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David Brewster's Prism
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Origin

David Brewster

Type

Glass Prism

Effects

Creates an illusory copy of the holder

Downsides

User sees the world in kaleidoscopic colors after use

Activation

Holding up to light

Collected by

Warehouse 12

Section

Scientia-732T

Date of Collection

1818

[Source]


OriginEdit

Sir David Brewster was a Scottish physicist, mathematician, astronomer, inventor, writer, historian of science and university principal.

Most noted for his contributions to the field of optics, he studied the double refraction by compression and discovered the photoelastic effect, which gave birth to the field of optical mineralogy. For his work, William Whewell dubbed him the "Father of modern experimental optics" and "the Johannes Kepler of Optics."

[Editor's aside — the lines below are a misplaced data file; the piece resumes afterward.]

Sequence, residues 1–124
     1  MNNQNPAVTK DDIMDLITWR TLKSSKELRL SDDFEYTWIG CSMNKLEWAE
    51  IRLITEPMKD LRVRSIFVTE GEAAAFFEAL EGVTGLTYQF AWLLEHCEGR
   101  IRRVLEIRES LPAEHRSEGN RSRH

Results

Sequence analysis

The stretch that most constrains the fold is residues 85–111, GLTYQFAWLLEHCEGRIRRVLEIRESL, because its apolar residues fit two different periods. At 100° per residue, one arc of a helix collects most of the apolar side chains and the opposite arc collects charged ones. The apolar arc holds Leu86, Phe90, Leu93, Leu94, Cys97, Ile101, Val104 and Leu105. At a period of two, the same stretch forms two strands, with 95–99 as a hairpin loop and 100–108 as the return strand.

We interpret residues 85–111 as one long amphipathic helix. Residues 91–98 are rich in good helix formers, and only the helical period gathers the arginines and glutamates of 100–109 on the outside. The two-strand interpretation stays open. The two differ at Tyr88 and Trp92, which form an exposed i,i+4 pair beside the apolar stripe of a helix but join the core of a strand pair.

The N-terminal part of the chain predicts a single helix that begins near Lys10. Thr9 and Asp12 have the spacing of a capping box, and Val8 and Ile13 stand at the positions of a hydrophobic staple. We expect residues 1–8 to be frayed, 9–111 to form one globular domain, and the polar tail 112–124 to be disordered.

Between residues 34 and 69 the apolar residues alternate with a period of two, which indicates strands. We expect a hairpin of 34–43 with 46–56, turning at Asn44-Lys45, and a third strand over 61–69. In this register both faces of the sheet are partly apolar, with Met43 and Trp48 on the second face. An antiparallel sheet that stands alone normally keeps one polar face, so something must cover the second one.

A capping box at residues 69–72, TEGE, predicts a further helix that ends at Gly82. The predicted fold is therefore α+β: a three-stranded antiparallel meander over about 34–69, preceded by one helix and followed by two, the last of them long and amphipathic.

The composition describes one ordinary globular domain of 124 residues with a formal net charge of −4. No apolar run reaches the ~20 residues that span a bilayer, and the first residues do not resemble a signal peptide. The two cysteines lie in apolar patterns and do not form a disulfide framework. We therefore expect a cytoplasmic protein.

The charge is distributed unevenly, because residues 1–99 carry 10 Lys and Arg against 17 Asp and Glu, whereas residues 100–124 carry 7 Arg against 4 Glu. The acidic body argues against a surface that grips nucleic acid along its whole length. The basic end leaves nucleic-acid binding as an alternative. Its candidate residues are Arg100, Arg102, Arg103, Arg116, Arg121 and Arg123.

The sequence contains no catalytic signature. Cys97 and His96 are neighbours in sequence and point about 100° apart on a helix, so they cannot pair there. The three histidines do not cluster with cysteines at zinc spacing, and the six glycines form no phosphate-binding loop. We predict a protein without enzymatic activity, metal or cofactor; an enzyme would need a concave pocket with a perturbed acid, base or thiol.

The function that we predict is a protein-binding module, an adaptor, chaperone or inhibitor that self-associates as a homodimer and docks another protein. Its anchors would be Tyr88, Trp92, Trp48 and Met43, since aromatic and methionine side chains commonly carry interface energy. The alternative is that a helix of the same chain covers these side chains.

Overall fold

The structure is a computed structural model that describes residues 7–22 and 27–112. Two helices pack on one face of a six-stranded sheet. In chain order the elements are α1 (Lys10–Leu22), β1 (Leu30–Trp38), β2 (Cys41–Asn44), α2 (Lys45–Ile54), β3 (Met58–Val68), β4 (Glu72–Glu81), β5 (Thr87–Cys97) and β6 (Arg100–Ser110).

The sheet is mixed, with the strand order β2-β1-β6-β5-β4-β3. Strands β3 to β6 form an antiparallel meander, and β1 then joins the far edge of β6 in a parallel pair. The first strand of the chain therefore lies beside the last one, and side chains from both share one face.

He is well-recognized for being the inventor of the kaleidoscope and an improved version of the stereoscope applied to photography. He called it the "lenticular stereoscope", which was the first portable, 3D viewing device. He also invented the binocular camera, two types of polarimeters, the polyzonal lens and the lighthouse illuminator.

EffectsEdit

When held up to light, the prism creates a static copy of the holder. The copy is intangible and will vanish when contact is made with it. Once the illusion vanishes, the users vision will become kaleidoscopic for a few seconds before returning to normal.

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